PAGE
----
# operator (C# Reference)

Use the `operator`

keyword to overload a built-in operator or to provide a user-defined conversion in a class or struct declaration.

## Example

The following is a very simplified class for fractional numbers. It overloads the + and * operators to perform fractional addition and multiplication, and also provides a conversion operator that converts a Fraction type to a double type.

```
class Fraction
{
int num, den;
public Fraction(int num, int den)
{
this.num = num;
this.den = den;
}
// overload operator +
public static Fraction operator +(Fraction a, Fraction b)
{
return new Fraction(a.num * b.den + b.num * a.den,
a.den * b.den);
}
// overload operator *
public static Fraction operator *(Fraction a, Fraction b)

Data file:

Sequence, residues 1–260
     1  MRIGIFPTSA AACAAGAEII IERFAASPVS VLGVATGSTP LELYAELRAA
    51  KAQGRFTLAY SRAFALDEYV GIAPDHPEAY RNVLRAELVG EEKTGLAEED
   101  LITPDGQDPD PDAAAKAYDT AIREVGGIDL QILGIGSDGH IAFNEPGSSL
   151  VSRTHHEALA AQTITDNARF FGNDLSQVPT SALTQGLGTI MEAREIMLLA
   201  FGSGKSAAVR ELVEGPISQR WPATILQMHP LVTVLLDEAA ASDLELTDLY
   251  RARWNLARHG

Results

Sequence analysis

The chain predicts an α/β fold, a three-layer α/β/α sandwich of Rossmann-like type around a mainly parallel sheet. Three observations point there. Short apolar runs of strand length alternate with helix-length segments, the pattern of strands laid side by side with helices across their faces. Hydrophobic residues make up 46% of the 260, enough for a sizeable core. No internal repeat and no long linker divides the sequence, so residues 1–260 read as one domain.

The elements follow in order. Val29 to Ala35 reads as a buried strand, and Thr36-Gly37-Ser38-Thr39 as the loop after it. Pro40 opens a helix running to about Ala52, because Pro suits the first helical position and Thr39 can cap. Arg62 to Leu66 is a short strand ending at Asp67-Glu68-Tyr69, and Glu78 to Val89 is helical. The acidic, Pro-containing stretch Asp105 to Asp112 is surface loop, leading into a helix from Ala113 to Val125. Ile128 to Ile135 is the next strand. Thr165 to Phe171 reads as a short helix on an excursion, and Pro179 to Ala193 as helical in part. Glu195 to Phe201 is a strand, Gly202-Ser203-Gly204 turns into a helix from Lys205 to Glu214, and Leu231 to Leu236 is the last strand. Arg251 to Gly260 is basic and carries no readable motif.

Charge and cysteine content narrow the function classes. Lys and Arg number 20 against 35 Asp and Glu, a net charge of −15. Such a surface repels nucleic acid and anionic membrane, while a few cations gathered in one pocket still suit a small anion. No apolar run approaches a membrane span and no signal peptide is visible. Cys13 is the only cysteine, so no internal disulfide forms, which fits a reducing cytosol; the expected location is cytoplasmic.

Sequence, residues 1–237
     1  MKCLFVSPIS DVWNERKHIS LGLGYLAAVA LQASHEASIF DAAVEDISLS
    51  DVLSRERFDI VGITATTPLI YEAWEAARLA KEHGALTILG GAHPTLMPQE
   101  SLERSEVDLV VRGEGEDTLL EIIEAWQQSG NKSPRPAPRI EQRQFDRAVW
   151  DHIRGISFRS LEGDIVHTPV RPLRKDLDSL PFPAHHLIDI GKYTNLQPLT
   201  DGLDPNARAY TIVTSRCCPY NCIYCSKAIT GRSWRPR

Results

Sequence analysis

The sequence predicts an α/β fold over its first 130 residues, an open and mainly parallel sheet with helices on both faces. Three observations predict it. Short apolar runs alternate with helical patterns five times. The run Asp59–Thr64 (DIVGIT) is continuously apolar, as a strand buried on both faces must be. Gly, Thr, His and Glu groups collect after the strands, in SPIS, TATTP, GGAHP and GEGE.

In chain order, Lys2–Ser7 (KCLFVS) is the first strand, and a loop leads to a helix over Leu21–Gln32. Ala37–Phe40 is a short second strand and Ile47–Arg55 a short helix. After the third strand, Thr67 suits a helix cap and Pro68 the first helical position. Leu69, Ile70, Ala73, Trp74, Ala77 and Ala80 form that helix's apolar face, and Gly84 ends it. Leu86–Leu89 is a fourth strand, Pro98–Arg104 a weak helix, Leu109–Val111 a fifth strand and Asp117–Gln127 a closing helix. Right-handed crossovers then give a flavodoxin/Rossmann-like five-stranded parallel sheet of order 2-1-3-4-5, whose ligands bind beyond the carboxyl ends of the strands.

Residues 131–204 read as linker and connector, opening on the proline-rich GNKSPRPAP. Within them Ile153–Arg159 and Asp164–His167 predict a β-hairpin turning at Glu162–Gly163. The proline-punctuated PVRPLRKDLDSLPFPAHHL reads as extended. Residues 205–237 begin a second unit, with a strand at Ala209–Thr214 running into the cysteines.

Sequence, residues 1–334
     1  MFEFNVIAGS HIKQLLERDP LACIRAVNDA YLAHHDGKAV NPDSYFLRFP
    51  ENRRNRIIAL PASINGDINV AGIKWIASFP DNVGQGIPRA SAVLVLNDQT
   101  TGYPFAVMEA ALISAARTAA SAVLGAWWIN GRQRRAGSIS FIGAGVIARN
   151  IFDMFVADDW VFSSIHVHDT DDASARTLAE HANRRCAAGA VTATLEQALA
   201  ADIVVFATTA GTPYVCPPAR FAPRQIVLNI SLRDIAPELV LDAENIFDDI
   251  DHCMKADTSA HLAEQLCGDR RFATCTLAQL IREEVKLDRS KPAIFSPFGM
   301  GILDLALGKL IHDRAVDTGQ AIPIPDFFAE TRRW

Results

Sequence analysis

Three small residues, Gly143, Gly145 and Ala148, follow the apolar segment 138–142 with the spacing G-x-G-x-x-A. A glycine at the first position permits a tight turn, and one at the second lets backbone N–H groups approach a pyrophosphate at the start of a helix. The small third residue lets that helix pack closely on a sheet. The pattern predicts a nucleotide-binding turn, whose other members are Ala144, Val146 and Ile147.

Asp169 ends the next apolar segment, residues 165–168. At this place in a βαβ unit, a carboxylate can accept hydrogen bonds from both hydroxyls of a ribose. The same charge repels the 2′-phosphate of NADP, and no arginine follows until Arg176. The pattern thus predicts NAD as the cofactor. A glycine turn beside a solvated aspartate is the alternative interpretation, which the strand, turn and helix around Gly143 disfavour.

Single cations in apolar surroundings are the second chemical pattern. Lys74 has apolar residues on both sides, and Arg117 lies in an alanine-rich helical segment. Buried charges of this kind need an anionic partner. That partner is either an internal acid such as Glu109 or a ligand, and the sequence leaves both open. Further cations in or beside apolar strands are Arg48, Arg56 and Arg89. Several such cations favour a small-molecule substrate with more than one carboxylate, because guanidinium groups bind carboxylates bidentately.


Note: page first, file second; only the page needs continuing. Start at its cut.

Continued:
{
return new Fraction(a.num * b.num, a.den * b.den);
}
// user-defined conversion from Fraction to double
public static implicit operator double(Fraction f)
{
return (double)f.num / f.den;
}
}
class Test
{
static void Main()
{
Fraction a = new Fraction(1, 2);
Fraction b = new Fraction(3, 7);
Fraction c = new Fraction(2, 3);
Console.WriteLine((double)(a * b + c));
}
}
/*
Output
0.880952380952381
*/
```

## C# Language Specification

For more information, see the C# Language Specification. The language specification is the definitive source for C# syntax and usage.

## See Also

C# Reference

C# Programming Guide

C# Keywords

implicit

explicit

How to: Implement User-Defined Conversions Between Structs